A brain-eating parasite that lurks in shallow waters may have claimed the life of a 12-year-old Florida boy this week, but medical experts are hoping to continue working on experimental anti-parasite and anti-amoeba drugs in order to help prevent future deaths. The fatal parasite, called Naegleria fowleri, is exceedingly rare but exceedingly deadly, though health officials say there are ways to decrease the chance of contracting the dangerous disease, I4U News reports this Monday, Aug. 26.
The brain-eating parasite that claimed the life of Zachary Reyna of Florida this Saturday has sparked a national health warning this summer. Naegleria fowleri, the scientific name for the amoeba that does target and attack human brain cells, is known to lurk in shallow ponds and warm waters, particularly in the southern parts of the U.S. Medical officials suggest to wear a nose clip when underwater in susceptible areas to avoid the dangerous amoeba.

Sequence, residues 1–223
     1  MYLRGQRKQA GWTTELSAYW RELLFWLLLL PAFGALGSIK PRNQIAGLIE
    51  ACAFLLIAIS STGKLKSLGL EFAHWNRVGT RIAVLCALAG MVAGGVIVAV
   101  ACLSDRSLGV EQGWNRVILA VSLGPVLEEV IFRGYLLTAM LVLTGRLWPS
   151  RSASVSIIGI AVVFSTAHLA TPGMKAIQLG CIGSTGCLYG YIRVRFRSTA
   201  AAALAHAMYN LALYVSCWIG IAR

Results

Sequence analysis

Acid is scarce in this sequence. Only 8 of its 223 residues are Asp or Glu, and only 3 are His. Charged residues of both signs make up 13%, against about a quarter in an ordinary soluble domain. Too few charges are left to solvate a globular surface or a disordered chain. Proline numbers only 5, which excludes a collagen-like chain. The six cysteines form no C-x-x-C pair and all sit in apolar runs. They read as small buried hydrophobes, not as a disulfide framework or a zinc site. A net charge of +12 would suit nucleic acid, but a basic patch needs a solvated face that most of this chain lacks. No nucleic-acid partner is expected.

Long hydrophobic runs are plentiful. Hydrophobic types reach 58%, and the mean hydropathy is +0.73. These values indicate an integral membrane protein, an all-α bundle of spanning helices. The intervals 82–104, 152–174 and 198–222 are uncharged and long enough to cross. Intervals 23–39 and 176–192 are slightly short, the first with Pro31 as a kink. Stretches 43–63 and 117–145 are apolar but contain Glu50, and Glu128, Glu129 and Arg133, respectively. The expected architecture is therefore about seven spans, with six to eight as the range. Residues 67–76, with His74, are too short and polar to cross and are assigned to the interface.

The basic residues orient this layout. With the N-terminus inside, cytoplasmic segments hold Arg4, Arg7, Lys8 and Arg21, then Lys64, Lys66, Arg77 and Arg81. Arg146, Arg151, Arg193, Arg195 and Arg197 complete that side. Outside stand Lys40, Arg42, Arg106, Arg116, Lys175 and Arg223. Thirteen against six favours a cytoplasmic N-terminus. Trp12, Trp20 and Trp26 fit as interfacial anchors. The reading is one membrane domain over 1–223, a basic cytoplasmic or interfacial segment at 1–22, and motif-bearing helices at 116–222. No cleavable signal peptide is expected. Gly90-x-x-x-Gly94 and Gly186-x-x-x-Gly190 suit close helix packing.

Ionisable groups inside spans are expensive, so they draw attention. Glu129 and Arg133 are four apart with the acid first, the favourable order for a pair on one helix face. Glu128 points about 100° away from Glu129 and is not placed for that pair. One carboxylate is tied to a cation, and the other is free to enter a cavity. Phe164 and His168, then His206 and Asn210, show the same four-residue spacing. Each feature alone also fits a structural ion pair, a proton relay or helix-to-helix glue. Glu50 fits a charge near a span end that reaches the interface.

Zachary Reyna was one of the first who tried to fight the deadly amoeba by having doctors prescribe him still in-the-works and experimental anti-amoebic drugs. Although these drugs were successful in saving the life of another 12-year-old — a girl from Arkansas earlier this year — from the brain-eating parasite, they were unfortunately unsuccessful in saving young Zac’s life.
In light of the brain-eating parasite taking the life of Zac, the Reyna family has said that while the deadly amoeba may have won the battle, it lost the war. The Reyna family will be donating Zac’s organs to science.
Medical officials hope that further examination of Naegleria fowleri and the experimental anti-amoeba drug will eventually enhance the effectiveness of the drug to save future lives from new cases of the parasitic infection. It is hopeful, concluded the report, that someday the in-the-works medicine will be able to more fully counter the brain-eating parasite.